Examining The Relationship Between Mentoring Experiences And Intent To Persist And Complete For African American Male Students At Maryland Community Colleges
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Type of WorkText
DepartmentAdvanced Studies, Leadership, and Policy
RightsThis item is made available by Morgan State University for personal, educational, and research purposes in accordance with Title 17 of the U.S. Copyright Law. Other uses may require permission from the copyright owner.
SubjectsAfrican American Male Collegians
Nora And Crisp's Mentoring Variables
Community College Education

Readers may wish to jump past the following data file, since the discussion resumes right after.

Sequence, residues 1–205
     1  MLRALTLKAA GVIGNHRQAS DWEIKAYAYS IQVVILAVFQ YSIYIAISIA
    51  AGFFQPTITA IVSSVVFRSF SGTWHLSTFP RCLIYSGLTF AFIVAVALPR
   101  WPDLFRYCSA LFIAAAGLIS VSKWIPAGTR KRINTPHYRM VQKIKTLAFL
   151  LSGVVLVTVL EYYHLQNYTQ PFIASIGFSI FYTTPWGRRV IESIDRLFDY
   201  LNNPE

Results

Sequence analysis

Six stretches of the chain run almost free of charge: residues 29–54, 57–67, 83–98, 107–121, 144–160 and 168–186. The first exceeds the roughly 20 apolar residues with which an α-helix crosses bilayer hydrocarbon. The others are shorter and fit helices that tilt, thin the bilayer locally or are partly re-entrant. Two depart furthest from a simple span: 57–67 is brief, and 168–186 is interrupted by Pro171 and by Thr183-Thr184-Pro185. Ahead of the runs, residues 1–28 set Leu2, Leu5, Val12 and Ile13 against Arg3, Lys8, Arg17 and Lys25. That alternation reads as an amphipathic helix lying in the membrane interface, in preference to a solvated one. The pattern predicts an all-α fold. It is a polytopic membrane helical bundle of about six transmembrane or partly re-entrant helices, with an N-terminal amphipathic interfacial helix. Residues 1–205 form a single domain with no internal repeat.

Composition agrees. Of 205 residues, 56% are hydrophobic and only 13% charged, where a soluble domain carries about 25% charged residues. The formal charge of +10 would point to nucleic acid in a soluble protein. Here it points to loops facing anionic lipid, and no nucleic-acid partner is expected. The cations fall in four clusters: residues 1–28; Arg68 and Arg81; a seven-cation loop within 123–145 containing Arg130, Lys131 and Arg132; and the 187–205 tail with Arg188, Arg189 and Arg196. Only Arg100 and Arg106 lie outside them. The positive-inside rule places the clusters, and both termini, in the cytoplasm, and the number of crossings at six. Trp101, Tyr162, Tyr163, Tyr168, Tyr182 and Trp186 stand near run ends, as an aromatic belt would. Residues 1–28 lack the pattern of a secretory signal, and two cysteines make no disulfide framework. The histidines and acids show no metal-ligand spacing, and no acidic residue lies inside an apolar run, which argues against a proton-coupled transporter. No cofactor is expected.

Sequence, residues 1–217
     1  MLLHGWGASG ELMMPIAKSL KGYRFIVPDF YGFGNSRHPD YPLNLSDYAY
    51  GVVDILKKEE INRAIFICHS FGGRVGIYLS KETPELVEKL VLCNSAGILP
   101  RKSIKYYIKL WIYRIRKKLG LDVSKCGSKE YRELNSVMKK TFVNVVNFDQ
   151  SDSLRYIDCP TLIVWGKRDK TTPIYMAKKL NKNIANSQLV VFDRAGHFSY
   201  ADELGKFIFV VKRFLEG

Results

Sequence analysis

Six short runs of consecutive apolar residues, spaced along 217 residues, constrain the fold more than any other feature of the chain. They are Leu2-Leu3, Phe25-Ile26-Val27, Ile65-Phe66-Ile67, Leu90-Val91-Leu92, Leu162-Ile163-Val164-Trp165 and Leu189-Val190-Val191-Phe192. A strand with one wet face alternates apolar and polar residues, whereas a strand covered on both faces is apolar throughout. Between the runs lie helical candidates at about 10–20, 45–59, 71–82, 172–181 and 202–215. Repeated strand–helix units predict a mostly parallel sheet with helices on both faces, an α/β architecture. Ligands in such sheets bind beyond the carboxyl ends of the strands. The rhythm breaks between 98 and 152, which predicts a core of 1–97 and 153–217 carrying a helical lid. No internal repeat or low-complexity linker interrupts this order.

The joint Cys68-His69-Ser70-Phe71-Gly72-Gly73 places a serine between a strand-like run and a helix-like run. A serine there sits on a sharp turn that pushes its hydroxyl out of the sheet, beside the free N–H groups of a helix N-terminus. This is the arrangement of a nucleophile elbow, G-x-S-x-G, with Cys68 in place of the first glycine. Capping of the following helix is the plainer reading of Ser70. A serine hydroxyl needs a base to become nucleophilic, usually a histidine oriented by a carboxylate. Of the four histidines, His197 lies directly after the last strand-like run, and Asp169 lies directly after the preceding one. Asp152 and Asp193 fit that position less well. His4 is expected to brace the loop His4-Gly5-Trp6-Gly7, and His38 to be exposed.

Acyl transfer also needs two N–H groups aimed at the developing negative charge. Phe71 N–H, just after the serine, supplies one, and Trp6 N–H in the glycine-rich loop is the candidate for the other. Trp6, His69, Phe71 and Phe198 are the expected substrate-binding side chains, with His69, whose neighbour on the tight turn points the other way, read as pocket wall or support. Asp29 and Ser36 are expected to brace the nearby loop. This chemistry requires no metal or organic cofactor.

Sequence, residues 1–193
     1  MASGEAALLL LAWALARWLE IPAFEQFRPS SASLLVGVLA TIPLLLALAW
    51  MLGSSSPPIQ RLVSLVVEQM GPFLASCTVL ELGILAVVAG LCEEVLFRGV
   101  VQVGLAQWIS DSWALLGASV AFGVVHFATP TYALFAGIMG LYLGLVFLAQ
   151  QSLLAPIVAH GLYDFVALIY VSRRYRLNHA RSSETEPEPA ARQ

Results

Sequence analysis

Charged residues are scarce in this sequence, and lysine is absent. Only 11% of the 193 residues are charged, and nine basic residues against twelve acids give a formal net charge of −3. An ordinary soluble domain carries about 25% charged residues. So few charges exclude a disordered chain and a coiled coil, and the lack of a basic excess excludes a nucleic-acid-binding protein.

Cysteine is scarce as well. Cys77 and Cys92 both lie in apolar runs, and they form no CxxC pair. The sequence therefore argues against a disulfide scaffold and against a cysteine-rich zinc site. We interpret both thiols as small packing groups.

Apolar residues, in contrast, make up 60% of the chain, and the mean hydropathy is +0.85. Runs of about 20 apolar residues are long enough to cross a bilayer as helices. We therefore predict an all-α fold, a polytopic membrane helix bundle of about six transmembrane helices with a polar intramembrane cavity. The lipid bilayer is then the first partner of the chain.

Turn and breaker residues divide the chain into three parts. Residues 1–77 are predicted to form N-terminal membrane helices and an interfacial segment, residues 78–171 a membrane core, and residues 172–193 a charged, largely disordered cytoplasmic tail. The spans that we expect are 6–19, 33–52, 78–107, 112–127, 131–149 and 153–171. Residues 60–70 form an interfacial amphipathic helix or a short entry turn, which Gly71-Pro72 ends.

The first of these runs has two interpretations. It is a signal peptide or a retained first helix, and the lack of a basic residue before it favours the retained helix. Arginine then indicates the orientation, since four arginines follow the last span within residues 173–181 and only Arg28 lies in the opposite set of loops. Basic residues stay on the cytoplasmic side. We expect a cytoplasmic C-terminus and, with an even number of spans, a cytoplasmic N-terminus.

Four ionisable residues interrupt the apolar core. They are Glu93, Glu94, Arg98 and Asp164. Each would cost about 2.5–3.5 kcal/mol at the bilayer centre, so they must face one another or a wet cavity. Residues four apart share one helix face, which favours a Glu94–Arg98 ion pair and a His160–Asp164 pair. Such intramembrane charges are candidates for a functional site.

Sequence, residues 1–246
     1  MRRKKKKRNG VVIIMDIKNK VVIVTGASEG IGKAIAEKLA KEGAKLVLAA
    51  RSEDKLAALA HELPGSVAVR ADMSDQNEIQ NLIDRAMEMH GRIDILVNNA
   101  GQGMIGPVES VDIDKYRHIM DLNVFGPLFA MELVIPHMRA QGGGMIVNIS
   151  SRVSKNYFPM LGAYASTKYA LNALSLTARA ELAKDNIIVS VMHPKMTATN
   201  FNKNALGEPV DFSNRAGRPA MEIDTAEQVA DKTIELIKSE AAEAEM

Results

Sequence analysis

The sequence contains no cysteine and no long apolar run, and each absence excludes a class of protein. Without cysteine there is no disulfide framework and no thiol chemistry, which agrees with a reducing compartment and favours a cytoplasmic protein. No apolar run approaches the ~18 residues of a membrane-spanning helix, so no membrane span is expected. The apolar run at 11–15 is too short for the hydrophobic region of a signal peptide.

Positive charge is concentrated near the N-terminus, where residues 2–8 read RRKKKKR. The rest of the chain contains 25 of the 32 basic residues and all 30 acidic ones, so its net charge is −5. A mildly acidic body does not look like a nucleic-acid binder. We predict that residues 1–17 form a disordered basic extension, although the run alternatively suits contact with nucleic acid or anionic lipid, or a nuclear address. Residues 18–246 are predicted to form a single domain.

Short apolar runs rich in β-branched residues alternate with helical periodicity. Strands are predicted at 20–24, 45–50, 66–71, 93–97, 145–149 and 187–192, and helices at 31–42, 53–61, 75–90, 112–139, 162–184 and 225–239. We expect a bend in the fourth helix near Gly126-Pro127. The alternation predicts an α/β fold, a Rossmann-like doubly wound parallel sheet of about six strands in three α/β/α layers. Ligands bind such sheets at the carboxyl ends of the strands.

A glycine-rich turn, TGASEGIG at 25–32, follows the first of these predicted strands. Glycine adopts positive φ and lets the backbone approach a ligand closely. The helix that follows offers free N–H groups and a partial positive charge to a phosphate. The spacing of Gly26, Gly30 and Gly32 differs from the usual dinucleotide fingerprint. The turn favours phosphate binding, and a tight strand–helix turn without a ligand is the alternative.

The purpose of this correlational study was to examine the relationships between Nora and Crisp's (2007) four mentoring variables and intent to persist and intent to complete among African American male community college students. In addition, the study sought to determine which of the four mentoring variables best predict intent to persist and intent to complete. The seesaw model of Challenge-Support-Outcome served as the framework for examining the relationship between these variables. The independent variables for this study were Nora and Crisp's four mentoring variables-emotional and psychological support, degree and career support, academic subject knowledge support, and the existence of a role model. The four mentoring variables were measured by the twenty-five-item College Student Mentoring Scale (CSMS). The dependent variables were intent to persist and intent to complete. Intent to persist was measured by the item that asked if the student will return for the subsequent semester. Intent to complete was measured by the item that asked if students will continue their study until their completion of a degree. Spearman's rho and discriminant function analysis were used to determine the significance of the relationships among the independent and dependent variables. The survey-type instrument (CSMS) was administered during the fall of 2014 at three community colleges in Maryland from which the sample (n=205) was drawn. The findings of this research are three folds. (a) The four mentoring variables are neither correlated with nor predictive of intent to persist for African American male community college students, (b) the same four mentoring variables are correlated with and predictive of intent to complete for African American male community college students, and (c) among the four mentoring variables, academic subject knowledge support and the existence of a role model are the two best predictors of the intent to complete. This study has some important implications for community college administrators, educators, and leaders who are related to the institutional level policy and practice. Recommendations for policy, practice, and future research are presented.